A Potential Breakthrough for Psychedelic Treatments: Ninth Circuit Court Ruling on Psilocybin Rescheduling

By Jason Adelstone

Dec 7, 2023

On October 27, 2023, the Ninth Circuit Court of Appeals, in Aggarwal v. DEA, held that the U.S. Drug Enforcement Agency (DEA) must reconsider its denial of a petition to transfer psilocybin, the active ingredient in “magic mushrooms” from Schedule I to Schedule II.

The Aggarwal v. DEA case stems from a February 2022 petition by Dr. Sunil Aggarwal, who has been working for years to find a way to legally obtain and administer psilocybin for terminally ill cancer patients under end-of-life care. Dr. Aggarwal initially attempted to seek permission from federal regulators under federal “right-to-try” laws, which allow terminally ill patients to try investigational new drugs that haven’t gone through full Federal Drug Administration (FDA) approval.

After the DEA denied Dr. Aggarwal’s petition, he requested that the DEA initiate a scheduling review of psilocybin to transfer the substance from Schedule I to Schedule II. The DEA classifies controlled substances into five schedules based on their potential for abuse and accepted medical use. Schedule I drugs are considered to have no currently accepted medical use and a high potential for abuse. This classification severely restricts research and therapeutic applications. Moving psilocybin to Schedule II would acknowledge its potential therapeutic benefits and open doors for medical providers to offer this promising treatment to patients.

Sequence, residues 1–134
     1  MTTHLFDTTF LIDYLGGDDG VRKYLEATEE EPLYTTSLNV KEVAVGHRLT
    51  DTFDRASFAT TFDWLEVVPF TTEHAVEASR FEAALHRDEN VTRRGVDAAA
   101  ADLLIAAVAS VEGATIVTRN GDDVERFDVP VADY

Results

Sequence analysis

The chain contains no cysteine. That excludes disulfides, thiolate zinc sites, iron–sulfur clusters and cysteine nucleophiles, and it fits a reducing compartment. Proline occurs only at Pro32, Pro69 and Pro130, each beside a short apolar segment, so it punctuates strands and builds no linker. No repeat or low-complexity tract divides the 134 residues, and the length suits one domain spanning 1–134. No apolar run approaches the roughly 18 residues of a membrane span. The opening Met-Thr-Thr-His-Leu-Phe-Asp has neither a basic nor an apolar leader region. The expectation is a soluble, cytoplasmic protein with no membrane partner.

DEA subsequently denied Dr. Aggarwal’s scheduling review request. However, as the Ninth Circuit noted, the DEA failed to provide any analysis or reasoning behind its decision. The DEA neglected to define “currently accepted medical use with severe restrictions,” the standard for transferring a drug from Schedule I to Schedule II. DEA failed to expressly state and discuss how psilocybin could not meet the requirements of “accepted medical use” under DEA’s five-part test or other applicable method under which DEA would be permitted to make such a determination.

Health and Human Services (HHS), through the FDA, has never determined that psilocybin has an accepted medical use in treatment. However, because of the Ninth Circuit’s holding, we may finally see HHS/FDA conduct a scheduling review of psilocybin. Recently, several studies have strengthened the argument that psilocybin has an accepted medical use in treatment, with more studies likely to be published soon. While the court’s opinion did not go so far as requiring HHS to conduct a scheduling review, the DEA is going to have some difficulty justifying another denial without support from an HHS/FDA review as to the medical and scientific determination of psilocybin.

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